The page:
As you can see, I was only able to get data for 46 marathons going back as far as 2014. Honestly, it is a small sample size, but it was the best I could do with considerable effort, and without paying considerable amounts of money to download marathon data which may-or-may-not have included the information I was looking for anyway.
If you happen to know a resource where I can gather this data for FREE, I would love to know. Leave a comment below to share that resource with the world.
Why Do People Not Finish a Marathon?
I have a lot of respect for marathon runners. I am inspired by your dedicated training and your focus on personal health and fitness. Even if you trained and did not finish, I salute you.
Not finishing a marathon is one of the bigger fears that new marathon runners face. It may feel like a massive disappointment, but it shouldn’t be. As you can see, many people who register do not finish. Based on what I found, about 17.13% of the participants don’t. If it happens to you, you are not alone.
Some of the more common reasons for not finishing a marathon include:
They can happen during training, during the race, or even as an unrelated accident. According to Runners World (https://www.runnersworld.com/health-injuries/a20780912/the-seven-most-common-running-injuries/), there are 7 common running injuries. They are listed here, and read the Runners World article to find out more information.
- Runner’s Knee
- Achilles Tendonitis
- Hamstring Issues
- Plantar Fasciitis
- Shin Splints
- Iliotibial Band Syndrome (ITBS)
- Stress Fracture
When you run, you sweat. If it is hot and sunny, you will sweat even more. If you do not stay sufficiently hydrated during the race you may experience symptoms of dehydration. I found these symptoms at Map My Race:
- dry eyes
- dry mouth
- muscle spasms
- you stop sweating
Dehydration can lead to “fainting, confusion and convulsion”. Unaddressed, dehydration can turn into something more serious like heat exhaustion, heat stroke, hypovolemic shock, and even death.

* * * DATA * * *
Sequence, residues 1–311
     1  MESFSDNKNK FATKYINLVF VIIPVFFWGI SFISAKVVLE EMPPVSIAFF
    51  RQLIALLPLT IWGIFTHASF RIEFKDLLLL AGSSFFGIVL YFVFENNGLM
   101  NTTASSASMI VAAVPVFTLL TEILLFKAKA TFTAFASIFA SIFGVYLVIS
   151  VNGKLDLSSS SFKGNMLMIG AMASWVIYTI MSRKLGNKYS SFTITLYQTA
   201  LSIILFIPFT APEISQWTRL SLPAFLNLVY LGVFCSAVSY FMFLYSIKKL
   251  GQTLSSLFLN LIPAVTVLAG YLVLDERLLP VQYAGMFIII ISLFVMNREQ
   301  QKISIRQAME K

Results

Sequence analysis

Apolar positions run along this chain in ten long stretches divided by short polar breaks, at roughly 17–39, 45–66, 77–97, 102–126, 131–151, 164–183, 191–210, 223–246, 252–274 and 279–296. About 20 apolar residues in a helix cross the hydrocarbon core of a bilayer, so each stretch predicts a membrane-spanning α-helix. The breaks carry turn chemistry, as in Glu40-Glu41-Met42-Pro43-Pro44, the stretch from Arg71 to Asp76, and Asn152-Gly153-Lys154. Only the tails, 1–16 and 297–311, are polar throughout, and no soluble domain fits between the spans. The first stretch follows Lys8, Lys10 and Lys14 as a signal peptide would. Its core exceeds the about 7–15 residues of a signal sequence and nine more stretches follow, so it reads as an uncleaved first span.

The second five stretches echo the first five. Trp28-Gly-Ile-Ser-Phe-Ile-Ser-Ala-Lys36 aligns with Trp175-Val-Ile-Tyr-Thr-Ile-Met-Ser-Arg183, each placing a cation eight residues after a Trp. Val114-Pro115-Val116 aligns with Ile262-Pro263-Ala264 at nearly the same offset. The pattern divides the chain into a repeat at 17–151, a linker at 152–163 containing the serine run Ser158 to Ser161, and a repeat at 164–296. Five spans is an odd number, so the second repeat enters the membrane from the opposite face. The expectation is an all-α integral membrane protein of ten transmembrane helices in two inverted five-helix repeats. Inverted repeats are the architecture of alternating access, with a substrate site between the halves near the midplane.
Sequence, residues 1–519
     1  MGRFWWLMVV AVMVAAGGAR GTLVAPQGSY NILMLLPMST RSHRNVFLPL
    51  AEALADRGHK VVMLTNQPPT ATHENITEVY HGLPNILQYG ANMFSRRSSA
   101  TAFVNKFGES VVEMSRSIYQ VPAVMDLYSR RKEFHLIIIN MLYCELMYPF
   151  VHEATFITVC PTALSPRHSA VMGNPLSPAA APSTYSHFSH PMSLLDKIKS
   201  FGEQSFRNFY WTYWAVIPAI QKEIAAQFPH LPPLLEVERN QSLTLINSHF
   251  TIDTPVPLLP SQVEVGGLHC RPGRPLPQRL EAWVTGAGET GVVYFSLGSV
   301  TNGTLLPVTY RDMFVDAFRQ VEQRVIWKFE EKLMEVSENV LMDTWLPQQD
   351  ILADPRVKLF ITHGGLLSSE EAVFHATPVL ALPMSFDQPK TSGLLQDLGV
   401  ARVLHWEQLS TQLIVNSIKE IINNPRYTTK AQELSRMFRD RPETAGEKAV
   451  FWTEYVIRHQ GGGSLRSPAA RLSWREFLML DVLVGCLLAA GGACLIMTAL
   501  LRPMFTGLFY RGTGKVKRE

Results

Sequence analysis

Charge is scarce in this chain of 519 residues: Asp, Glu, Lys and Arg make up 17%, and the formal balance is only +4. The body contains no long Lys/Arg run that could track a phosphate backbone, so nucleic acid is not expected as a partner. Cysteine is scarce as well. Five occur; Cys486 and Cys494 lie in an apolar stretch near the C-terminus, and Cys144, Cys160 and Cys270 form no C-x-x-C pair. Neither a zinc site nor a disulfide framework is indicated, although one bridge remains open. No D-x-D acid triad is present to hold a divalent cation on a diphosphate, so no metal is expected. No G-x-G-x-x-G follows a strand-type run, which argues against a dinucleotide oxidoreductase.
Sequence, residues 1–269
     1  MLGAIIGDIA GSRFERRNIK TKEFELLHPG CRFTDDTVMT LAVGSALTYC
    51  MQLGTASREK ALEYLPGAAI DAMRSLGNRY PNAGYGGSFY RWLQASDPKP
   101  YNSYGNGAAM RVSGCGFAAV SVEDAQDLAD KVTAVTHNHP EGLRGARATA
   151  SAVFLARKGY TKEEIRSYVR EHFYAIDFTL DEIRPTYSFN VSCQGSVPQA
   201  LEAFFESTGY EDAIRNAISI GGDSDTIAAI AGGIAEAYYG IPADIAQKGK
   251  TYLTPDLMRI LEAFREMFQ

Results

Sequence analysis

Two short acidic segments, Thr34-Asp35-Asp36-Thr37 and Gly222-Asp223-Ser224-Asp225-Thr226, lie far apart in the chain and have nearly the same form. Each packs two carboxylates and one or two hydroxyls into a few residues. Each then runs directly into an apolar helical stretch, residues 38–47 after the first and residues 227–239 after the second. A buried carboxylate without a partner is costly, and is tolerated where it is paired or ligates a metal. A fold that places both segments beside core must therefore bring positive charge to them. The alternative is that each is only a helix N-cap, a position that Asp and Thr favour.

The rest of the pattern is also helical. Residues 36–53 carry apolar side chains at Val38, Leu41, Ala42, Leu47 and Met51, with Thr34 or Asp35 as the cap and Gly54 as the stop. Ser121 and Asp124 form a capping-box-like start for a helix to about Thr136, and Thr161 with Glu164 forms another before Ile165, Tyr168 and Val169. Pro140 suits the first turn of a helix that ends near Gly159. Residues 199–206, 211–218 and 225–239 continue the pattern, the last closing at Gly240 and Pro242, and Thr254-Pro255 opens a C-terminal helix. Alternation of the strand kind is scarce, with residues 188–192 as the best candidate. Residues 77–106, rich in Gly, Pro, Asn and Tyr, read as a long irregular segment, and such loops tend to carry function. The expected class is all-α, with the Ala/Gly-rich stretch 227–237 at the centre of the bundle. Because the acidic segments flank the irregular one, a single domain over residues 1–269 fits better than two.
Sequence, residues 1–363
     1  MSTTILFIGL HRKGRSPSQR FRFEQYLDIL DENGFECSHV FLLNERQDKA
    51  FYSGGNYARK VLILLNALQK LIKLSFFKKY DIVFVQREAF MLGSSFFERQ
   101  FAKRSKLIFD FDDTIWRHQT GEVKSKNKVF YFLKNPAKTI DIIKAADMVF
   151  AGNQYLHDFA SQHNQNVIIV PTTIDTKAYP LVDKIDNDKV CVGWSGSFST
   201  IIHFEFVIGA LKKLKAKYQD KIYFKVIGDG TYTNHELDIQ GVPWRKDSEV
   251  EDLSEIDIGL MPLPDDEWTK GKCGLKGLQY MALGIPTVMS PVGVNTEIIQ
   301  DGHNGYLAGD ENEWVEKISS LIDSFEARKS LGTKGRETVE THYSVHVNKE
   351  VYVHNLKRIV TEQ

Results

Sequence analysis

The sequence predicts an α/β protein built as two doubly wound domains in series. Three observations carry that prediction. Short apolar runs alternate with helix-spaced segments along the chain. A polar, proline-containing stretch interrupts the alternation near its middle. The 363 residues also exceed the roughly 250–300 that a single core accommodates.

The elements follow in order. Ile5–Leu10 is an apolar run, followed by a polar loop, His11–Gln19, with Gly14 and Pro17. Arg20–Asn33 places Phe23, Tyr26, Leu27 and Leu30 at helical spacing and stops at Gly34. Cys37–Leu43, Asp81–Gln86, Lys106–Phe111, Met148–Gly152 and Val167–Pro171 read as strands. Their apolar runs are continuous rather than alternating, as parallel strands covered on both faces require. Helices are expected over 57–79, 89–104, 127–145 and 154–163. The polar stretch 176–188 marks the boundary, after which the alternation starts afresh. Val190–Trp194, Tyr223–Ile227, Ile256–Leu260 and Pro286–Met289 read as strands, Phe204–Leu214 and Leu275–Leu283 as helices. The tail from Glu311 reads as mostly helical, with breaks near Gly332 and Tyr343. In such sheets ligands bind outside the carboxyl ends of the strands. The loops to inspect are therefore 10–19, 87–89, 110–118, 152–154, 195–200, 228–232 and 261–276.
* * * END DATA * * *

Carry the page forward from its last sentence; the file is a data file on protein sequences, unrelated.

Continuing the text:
Running a marathon requires considerable amounts of energy. You will need to manage your nutrition before and during the race to help you finish. The Rockay website notes that runners often consume gels or sports beans, along with some water, every 4 to 5 miles. This helps to maintain blood sugar levels during the marathon.
Grit is an undeniable factor in helping people finish a marathon. You will need to overcome physical pain, psychological doubt, and emotional rollercoasters as you run. Those who are mentally tougher will have a better chance to finish. Those who are mentally weaker will be more tempted to give up before finishing.
What Happens If You Do Not Finish?
For those who are unable to finish the marathon for any reason, including time restrictions, a number of things can happen:
- You can stop at a checkpoint and end your race there.
- A sweep bus will drive by and pick you up, ending your race.
- In extreme situations, medical staff can assist ill runners at designated locations.
Not finishing a race is not the end of the world. It should not even be the end of your running career. A statistically significant number of people who participate in a race do not finish. Some do not even show up at all.
The very fact that you tried is an accomplishment in itself. Dust yourself off, get some water, rest and recover, learn from the experience, and try again!
What is the average marathon finishing time? According to Very Well Fit, the average finishing time for men in the USA is 4 hours and 22 minutes. For women running marathons in the USA, the average finishing time is 4 hours and 48 minutes.
How long do marathons stay open for runners? I did some research on this, too. I found out that the average marathon stays open for 6 hours, 52 minutes, and 9 seconds. Most races have a cut-off time of between 6 and 7 hours. Read the full article and learn more by clicking this link.